The Waiting Game

I gripped the ladder fiercely until my knuckles whitened and my bones complained at the strain. I remained this way, like a rigor mortised superhero until my mind associated the tight throttling hold on the wood with the concept of choking someone; at which point I let go, momentarily, alarmed by the violence of my own thoughts.

The slight shudder rippled up through the fluidous wood and you complained loudly of my carelessness. We laughed and you dripped paint down trying to cut open my scalp with splashes of mint. Mrs Coraline banged her walking stick against her kitchen window with a resolute scowl and we tried to straighten our faces and appendages accordingly.

You had steady hands, so you had gone up the ladder to carefully apply the paint to the gutters. We had been promising to do this job for a year now, but last summer we were too lost in love to be found by anyone, even someone looking so hard as Mrs Coraline. This was the third weekend since the rain had stopped.

Up the ladders we had gone last weekend, I had grabbed handfuls of leaves and thrown them into the air to mimic your wedding day confetti. They had been slimy and the fat slugs of mildew hit the side of the house and we had had to clean that off as well as clean the gutters and for no added cost at all. I didn’t mind though, it didn’t matter what we were doing, every time I looked at you I was happy.

Finally the gutter was finished, with one final perilous stretch you swiped a glaze of superiority across the old witches abode and I felt my body relax as you announced you were coming back down. I waited for you as you carefully wiped the paint brush against the dark innards of the paint tin. Over and over until it was as clean as you could get it. I waited as you tidily resealed the paint tin and tucked the paintbrush into your dungarees pocket. I waited and I watched, enamored, as the sunlight painted you. A miracle in amber.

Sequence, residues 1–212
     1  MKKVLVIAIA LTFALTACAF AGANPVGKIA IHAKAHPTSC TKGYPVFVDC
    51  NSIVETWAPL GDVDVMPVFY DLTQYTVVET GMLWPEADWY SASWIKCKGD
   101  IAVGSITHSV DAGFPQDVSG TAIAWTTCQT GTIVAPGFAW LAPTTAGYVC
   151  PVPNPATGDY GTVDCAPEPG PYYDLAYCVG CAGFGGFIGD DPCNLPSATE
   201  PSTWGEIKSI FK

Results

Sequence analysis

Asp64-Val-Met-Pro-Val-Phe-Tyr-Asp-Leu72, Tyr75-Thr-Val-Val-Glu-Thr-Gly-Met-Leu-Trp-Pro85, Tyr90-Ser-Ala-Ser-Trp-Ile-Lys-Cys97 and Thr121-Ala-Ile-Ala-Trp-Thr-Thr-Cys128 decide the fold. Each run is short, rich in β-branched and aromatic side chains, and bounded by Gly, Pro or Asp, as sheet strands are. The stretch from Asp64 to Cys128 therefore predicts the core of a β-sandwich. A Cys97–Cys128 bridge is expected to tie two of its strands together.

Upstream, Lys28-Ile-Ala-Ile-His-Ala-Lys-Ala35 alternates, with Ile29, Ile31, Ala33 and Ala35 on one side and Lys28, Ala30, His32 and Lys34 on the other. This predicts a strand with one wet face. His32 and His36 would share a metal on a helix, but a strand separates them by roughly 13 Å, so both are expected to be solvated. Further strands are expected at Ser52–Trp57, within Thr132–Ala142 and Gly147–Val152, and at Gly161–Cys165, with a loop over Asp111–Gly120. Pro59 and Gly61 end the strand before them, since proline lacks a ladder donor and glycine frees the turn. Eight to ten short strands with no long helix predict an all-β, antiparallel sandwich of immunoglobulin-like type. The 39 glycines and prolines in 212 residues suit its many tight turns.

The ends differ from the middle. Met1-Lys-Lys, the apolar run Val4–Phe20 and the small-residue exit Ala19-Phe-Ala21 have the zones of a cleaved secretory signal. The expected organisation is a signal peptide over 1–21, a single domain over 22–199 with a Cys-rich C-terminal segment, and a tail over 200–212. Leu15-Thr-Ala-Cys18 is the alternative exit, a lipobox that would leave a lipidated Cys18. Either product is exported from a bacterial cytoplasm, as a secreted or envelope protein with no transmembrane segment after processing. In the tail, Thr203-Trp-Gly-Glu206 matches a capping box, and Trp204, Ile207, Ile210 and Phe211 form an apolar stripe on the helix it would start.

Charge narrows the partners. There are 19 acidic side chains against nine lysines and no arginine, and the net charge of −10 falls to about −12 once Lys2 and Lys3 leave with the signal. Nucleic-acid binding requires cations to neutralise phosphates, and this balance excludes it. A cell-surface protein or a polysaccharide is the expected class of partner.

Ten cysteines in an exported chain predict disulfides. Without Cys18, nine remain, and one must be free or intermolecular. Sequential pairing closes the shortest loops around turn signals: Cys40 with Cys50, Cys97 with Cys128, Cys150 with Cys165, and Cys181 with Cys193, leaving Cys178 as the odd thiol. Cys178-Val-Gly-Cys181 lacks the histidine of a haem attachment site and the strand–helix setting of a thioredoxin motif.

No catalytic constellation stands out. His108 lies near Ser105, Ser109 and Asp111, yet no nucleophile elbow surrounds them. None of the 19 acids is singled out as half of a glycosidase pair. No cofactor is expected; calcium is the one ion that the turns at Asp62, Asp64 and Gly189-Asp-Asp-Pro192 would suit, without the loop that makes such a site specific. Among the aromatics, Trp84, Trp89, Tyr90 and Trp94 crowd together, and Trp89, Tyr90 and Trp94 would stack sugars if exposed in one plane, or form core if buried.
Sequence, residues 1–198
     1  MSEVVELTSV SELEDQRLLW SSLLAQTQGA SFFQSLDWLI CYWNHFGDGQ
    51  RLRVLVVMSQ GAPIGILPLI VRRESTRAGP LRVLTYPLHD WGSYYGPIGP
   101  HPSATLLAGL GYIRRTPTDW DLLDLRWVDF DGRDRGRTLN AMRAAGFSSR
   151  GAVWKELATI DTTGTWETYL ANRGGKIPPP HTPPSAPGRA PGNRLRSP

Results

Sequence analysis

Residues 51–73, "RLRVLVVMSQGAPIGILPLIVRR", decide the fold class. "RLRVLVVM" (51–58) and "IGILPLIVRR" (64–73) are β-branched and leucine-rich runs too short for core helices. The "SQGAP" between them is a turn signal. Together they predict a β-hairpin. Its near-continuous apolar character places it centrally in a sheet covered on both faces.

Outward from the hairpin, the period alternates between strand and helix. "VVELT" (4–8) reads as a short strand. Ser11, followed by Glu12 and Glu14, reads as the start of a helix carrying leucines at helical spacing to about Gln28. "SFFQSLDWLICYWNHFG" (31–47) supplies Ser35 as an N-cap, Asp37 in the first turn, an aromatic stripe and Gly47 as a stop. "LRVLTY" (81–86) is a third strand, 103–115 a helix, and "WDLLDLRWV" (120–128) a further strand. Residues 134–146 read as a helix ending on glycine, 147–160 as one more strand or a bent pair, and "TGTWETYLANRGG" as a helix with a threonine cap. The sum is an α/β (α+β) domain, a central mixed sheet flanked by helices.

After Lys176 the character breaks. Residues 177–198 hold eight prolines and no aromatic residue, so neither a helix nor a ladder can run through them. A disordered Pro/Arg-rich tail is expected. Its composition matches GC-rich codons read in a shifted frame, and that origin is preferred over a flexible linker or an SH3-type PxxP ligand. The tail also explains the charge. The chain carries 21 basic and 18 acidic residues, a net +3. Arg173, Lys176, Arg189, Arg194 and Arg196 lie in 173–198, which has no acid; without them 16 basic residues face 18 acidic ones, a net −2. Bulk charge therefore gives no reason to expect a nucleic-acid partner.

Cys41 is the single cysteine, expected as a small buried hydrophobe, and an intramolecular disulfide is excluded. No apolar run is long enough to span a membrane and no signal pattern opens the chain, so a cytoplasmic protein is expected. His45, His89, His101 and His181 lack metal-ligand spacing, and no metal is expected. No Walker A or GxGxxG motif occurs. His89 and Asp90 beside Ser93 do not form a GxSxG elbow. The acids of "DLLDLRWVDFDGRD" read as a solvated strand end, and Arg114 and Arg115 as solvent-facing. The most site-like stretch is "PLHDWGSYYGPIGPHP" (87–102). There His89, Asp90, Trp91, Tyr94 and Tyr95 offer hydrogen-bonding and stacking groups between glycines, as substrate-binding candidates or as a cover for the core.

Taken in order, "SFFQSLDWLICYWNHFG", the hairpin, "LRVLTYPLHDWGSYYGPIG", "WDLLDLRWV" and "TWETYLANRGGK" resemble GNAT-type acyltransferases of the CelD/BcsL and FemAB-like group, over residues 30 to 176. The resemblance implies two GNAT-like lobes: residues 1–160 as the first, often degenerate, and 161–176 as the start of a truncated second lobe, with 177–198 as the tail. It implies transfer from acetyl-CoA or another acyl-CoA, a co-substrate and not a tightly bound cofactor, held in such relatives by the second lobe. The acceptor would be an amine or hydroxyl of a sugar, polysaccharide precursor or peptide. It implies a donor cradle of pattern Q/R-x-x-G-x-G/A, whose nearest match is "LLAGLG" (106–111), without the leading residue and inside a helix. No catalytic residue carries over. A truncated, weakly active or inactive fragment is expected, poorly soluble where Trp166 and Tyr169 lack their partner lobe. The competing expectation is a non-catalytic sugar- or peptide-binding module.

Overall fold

You began your descent and I knocked on the front door to alert Mrs Coraline that tea was required and that the job was done. She opened the door but promptly shrieked not to come in; she had noticed the splatters all over my shoes and worried for her expensive new carpet.

It might have been the shriek that did it. I suppose we will never know. All I do know is that it happened so quickly that when your body hit the ground I was still wearing my best Sunday smile, and when your blood washed over the mint patches on the lawn I was still hoping that you’d be alright.

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